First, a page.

Title: The Bone Orchard
Show: American Gods
Sidereel Rating (Average): 4.06
Sidereel Rating (Mine): 4
Based on: American Gods by Neil Gaiman
Notes: Series Premiere
- Ricky Whittle – Shadow Moon
- Ian McShane – Mr. Wednesday
- Emily Browning – Laura Moon
- Gillian Anderson – Media
- Pablo Schreiber – Mad Sweeney
- Bruce Langley – Tehnicolor Boy
- Jonathan Tucker – ‘Low Key’ Lyesmith
Series Description: Shadow Moon is released from prison only to find that his wife and best friend are both dead. Broke and alone, he accepts a job working for Mr. Wednesday, a man on a mysterious mission, and is unwillingly dragged into a war between the ancient and modern gods of America.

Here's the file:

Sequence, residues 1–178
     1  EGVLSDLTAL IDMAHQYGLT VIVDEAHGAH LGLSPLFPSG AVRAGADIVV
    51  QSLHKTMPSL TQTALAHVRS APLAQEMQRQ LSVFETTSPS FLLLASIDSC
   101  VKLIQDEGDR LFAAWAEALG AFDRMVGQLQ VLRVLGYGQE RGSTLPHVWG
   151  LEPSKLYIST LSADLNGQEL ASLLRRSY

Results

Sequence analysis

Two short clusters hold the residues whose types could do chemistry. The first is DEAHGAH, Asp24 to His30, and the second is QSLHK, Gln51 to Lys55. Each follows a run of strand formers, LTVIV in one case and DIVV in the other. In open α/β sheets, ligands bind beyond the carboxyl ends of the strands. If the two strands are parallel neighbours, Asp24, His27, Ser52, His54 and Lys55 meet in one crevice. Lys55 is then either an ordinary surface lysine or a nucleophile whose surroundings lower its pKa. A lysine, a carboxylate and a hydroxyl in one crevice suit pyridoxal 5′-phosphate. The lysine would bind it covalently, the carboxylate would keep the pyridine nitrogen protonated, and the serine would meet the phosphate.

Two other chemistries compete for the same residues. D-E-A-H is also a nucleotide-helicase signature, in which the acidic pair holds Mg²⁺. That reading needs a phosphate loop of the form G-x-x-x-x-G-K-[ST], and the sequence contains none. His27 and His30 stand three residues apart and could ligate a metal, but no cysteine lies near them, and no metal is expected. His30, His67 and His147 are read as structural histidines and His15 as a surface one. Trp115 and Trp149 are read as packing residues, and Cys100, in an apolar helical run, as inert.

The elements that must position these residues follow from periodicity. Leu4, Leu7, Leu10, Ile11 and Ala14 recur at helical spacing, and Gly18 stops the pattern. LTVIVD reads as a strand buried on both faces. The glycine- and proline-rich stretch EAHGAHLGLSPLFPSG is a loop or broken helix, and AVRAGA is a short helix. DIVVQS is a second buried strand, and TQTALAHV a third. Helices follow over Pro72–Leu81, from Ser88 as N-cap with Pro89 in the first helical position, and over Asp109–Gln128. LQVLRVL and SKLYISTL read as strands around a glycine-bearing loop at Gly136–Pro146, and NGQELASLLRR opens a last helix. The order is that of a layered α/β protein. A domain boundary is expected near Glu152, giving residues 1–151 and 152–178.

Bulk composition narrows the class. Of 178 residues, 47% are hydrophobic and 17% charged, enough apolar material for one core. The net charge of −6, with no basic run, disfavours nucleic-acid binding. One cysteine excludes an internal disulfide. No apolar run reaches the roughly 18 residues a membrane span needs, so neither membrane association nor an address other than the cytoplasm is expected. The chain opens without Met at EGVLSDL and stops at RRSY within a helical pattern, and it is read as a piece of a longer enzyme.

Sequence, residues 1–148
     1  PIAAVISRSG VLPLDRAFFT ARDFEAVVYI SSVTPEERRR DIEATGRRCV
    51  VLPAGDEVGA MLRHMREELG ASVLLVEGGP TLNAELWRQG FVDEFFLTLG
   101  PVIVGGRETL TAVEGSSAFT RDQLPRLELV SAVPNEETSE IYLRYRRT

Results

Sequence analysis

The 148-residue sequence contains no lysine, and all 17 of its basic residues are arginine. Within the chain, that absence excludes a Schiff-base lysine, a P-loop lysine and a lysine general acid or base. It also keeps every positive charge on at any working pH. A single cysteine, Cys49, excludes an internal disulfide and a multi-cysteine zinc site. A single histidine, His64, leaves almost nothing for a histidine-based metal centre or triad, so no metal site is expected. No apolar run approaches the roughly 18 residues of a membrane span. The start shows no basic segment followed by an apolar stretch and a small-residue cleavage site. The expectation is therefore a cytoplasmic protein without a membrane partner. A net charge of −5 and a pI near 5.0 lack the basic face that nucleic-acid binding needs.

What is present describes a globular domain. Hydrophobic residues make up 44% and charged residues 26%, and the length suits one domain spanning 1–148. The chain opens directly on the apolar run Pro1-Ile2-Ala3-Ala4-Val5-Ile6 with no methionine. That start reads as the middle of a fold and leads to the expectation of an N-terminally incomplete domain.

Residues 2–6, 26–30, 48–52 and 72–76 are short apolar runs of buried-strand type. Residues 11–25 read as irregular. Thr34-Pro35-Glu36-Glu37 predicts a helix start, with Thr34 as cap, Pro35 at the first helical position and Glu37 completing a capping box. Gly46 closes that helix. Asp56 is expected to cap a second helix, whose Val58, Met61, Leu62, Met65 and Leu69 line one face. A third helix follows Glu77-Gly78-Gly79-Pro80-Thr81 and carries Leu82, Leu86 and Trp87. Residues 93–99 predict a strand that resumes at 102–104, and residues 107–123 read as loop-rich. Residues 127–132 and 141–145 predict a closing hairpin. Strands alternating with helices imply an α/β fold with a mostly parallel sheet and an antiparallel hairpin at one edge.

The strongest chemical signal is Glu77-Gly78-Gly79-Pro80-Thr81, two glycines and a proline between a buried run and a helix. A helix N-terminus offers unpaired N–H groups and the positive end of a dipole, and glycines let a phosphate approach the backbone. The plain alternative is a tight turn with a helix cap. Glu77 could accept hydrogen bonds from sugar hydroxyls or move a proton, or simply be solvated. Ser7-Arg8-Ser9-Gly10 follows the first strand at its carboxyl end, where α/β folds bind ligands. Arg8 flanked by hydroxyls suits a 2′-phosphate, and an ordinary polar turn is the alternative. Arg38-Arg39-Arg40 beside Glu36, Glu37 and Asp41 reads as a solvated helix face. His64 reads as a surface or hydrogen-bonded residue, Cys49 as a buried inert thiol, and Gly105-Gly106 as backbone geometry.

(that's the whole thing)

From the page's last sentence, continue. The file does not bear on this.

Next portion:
Plot Highlights: A band of Vikings reach America, only to figure that they were not going to be able to survive on this new continent. Lacking the wind they needed to sail back, they make a series of blood sacrifices to bring the Allfather’s attention to them. In the present day, Shadow speaks to Laura about how he’s going to be released in five days. The next day, he’s told that he’s being released early because Laura died that morning. On the plane, he meets Mr. Wednesday, an enigmatic hustler who offers him a job. After he accepts the job, they travel to Laura’s funeral, where Shadow finds out that Laura and Robbie had been having an affair. After the burial, Shadow meets Technicolor Boy, and is attacked and lynched by his goons.